The high concept of SOA (service-oriented architecture) continues to enthrall IT. Yet SOA’s promise of universal application integration is vague at best, confounding anyone who takes a closer look. Such scrutiny reveals major gaps -- in reliability, security, orchestration, legacy support, and semantics.
Peter Underwood, vice president of software development at brokerage firm Wall Street Access, says his team has had to do some serious thinking up front before planning SOA integration.
“You begin with the idea that [SOA] is bigger than a bread box. In other words, it’s just a framework,” Underwood says. Although SOA “has taken on a life of its own because of Web services” standards, Underwood believes a significant gap remains between Web services’ potential and its current capabilities.
Execs are happy to use Web services for simple needs, such as feeding information to Web-based portals. But complex, mission-critical jobs are another story -- and may demand Web services standards that are still under development. So when is a Web services SOA strategy advisable, and when is good old EAI better? It all depends on what you are trying to do and which gap in Web services’ capabilities you encounter.
The need for highly reliable, asynchronous messaging may be the most difficult to meet, at least in the short term. Aiaz Kazi, general manager of business integration at EAI stalwart Tibco, calls this kind of messaging “critical to enterprise-quality integration.”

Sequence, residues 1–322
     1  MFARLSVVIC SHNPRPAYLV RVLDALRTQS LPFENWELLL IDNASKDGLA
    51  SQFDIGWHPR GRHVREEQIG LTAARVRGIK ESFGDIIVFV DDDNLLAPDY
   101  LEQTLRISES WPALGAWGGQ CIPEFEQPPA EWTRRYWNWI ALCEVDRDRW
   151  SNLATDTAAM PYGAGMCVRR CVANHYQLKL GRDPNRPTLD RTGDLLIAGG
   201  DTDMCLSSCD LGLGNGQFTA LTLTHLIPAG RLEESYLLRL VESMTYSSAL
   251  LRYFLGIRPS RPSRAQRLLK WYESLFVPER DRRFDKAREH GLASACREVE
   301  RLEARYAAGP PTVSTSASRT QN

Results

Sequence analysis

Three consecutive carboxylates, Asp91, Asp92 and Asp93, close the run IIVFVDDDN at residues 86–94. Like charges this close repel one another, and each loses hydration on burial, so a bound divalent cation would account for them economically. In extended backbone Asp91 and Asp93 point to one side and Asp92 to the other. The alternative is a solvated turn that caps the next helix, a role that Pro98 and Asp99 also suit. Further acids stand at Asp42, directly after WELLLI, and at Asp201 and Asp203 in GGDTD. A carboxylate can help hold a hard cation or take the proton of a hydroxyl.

Sam Boonin, vice president of marketing at Web services infrastructure vendor Blue Titan, says the need for reliability is similar to that which “we’re used to discussing in other computing paradigms. SOA is not quite ready for the utmost transactional reliability -- nonrepudiation, once-and-only-once delivery, and rollback -- but it’s only a matter of time until the standards and implementations mature to meet that requirement.”
In fact, several draft Web services specifications already address issues in mission-critical and lengthy processes. WS-ReliableMessaging, for example, is designed to guarantee that a SOAP message arrives at its destination. WS-AtomicTransaction, WS-Eventing, and several other proposed specifications would define ways of handling complex, stateful, and long-running business transactions. But unlike many security-related protocols (see below), widespread use of reliability standards such as these have yet to be realized.
Until then, says Chris Crowhurst, vice president of enterprise architecture at Thomson Prometric, a provider of computer-based testing and assessment services, “Reliable messaging [for Web services] is quite a burden. But at the end of the day, applications just need to build around it” because of the benefits of the interoperability Web services provides.
For now, “building around it” means coding applications to anticipate and to accommodate error conditions. It also means buttressing point-to-point SOAP interactions with an intermediary -- such as a Web services management broker -- that provides a standardized layer of abstraction. Available from independent players such as Actional, AmberPoint, and Blue Titan, these products enable managers to provide fail-overs and upgrades to software endpoints with minimal interruption to the production systems. (Useful Web services management must work across a range of platforms, which explains the absence of similar solutions from such major vendors as BEA, IBM, and Microsoft.)